• Status: Solved
  • Priority: Medium
  • Security: Public
  • Views: 38
  • Last Modified:

Prevent Old CA Certificate from being distributed to Domain Clients

Hi,

I run a Server 2012 R2 Domain.

I had an issue that my original CA certificate that expires in 2021 did not have the crl url in it so I created a new CA certificate created CA certificate that expires in 2026.

in the Certificate Authority General tab I can see both certificates.

I need to stop the original certificate from being distributed to the Domain Clients as its causing errors on my S4B servers.

I have tried going into the MMC certificates snap in (where you can see both the Old and New CA certificate) and deleting the old CA certificate on a client computer - but it just gets re-added.

any help would be appreciated

many thanks

jack
0
jackbenson
Asked:
jackbenson
  • 5
  • 2
1 Solution
 
Rich WeisslerProfessional Troublemaker^h^h^h^h^hshooterCommented:
Okay... what I know.
There are two mechanisms thru which your trusted CA certificate is getting pushed to clients:
  1. Would be via Group Policy -- so you'd want to look thru the policies applied to your clients to make certain that isn't happening.
  2. Via certutil -dspubilsh.  In that case, I believe your certificate will be visible via ADSIEdit in Configuration,Services,Public Key Services, Certification Authorities.  Now, I fear -- that is the edge of my knowledge.  I suspect certutil -delstore is the best way to remove the old CA... but I don't know what impact manually deleting the CA Certificate might have.

In either case, fixing those will only prevent the client from receiving the CA on the local machine AGAIN after you remove them... it won't remove them.
0
 
Rich WeisslerProfessional Troublemaker^h^h^h^h^hshooterCommented:
Original request was to stop the certificate from propagating to the client machines.  There are two ways the root certificate would be distributed to clients, and this answer addresses each.
0
 
Rich WeisslerProfessional Troublemaker^h^h^h^h^hshooterCommented:
Adding additional information: This is the procedure to remove an Enterprise CA from an environment.  Steps 6 & 7 are of particular interest if your CA is being distributed from AD (rather than by group policy.)
0
Put Machine Learning to Work--Protect Your Clients

Machine learning means Smarter Cybersecurity™ Solutions.
As technology continues to advance, managing and analyzing massive data sets just can’t be accomplished by humans alone. It requires huge amounts of memory and storage, as well as the high-speed power of the cloud.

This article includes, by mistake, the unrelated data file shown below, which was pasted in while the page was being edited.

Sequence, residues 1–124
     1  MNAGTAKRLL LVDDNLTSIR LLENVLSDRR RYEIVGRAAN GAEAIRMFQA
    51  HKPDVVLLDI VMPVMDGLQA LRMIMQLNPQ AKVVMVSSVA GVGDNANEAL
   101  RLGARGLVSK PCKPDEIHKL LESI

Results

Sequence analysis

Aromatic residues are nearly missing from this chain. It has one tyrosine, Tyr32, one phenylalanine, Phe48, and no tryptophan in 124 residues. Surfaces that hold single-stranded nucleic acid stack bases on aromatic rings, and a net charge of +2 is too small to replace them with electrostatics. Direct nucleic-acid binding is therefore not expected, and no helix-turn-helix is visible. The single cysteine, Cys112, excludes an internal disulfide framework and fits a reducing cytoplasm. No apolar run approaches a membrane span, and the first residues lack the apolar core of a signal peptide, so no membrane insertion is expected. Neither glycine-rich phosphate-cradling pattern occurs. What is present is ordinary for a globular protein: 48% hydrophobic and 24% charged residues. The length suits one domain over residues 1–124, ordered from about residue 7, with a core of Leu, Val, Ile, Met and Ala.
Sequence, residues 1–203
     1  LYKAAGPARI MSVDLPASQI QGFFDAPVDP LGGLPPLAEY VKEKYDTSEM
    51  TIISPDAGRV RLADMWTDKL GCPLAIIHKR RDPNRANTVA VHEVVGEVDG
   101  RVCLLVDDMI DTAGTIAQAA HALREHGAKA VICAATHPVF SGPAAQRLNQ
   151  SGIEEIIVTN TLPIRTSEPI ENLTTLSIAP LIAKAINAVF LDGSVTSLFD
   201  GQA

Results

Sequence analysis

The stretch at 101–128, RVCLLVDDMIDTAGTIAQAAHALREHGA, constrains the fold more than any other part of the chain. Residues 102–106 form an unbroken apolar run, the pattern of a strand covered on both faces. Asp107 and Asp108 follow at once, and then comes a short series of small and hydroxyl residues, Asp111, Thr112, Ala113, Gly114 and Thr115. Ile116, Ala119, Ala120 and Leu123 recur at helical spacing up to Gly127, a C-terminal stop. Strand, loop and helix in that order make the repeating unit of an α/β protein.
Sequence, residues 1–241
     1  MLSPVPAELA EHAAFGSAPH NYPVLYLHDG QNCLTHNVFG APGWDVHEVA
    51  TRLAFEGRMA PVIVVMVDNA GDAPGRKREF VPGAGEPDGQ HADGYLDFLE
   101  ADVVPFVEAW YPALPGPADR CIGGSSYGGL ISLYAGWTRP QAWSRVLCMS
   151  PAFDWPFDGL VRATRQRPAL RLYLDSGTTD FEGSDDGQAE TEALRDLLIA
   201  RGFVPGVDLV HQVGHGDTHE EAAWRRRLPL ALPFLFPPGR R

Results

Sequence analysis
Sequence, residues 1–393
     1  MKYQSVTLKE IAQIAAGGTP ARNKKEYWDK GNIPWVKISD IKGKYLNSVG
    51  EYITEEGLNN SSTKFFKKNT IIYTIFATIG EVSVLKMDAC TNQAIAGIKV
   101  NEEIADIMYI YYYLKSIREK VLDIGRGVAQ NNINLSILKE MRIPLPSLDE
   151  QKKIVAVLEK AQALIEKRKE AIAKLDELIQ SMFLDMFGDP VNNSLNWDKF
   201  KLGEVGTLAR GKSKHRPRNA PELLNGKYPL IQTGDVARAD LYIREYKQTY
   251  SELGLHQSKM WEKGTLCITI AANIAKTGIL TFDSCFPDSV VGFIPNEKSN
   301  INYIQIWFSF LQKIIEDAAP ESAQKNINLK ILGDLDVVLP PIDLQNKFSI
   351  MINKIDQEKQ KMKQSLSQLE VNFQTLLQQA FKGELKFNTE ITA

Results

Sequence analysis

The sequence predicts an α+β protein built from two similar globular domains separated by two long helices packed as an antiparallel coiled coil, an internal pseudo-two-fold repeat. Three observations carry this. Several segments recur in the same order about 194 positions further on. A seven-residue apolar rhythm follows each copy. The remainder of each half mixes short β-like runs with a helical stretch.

jackbensonAuthor Commented:
I do not need to remove the Certificate Authority

I originally created the  Certificate Authority in 2011 and it created a CA Certificate.

that original CA Certificate did not have a crl so I created a new CA Certificate in 2016.

every time I delete the old CA Certificate from a domain client - it gets replaced.

its not group policy that is causing it.

I need to stop the client computers getting the 2011 CA Certificate

thanks

jack
0
 
Rich WeisslerProfessional Troublemaker^h^h^h^h^hshooterCommented:
I believe I understand.  If the certificate isn't propagated by a Group policy, then there are objects in AD which still exist from the Certificate Authority created in 2011.  Because an Enterprise Certificate authority writes objects into the Active Directory, I believe you need to run thru the Certificate Authority decommissioning steps for that certificate authority.  I believe the specific object that needs to be removed is the certificationAuthority object specifies as the third object in step 6 -- but I'd advocate you run thru all of steps 5 and 6 to clean up the old installation.
0
 
jackbensonAuthor Commented:
Rich,

can I check that you understand that I have not installed a new Certificate Authority - just a new certificate for the authority created in 2011

thanks

jack
0
 
Rich WeisslerProfessional Troublemaker^h^h^h^h^hshooterCommented:
Apologies.  Just step six then... there are two certificateAuthority objects which contain the old certificate.  It's the object in "CN=Certification Authorities,CN=Public Key Services,CN=Services,CN=Configuration,DC=ForestRoot,DC=com. " which is causing that certificate to repopulate to your client machines... but be sure to only remove the 2011 certificate.

(And hopefully your new CA certificate isn't signed using the SHA1 algorithm.  Early next years, a fair amount of software will stop honoring certificates signed by CAs using SHA1.  Less of an issue for an internal CA, but could cause some software which checks to fail without a message.)
0

Featured Post

Prepare for your VMware VCP6-DCV exam.

Josh Coen and Jason Langer have prepared the latest edition of VCP study guide. Both authors have been working in the IT field for more than a decade, and both hold VMware certifications. This 163-page guide covers all 10 of the exam blueprint sections.

  • 5
  • 2
Tackle projects and never again get stuck behind a technical roadblock.
Join Now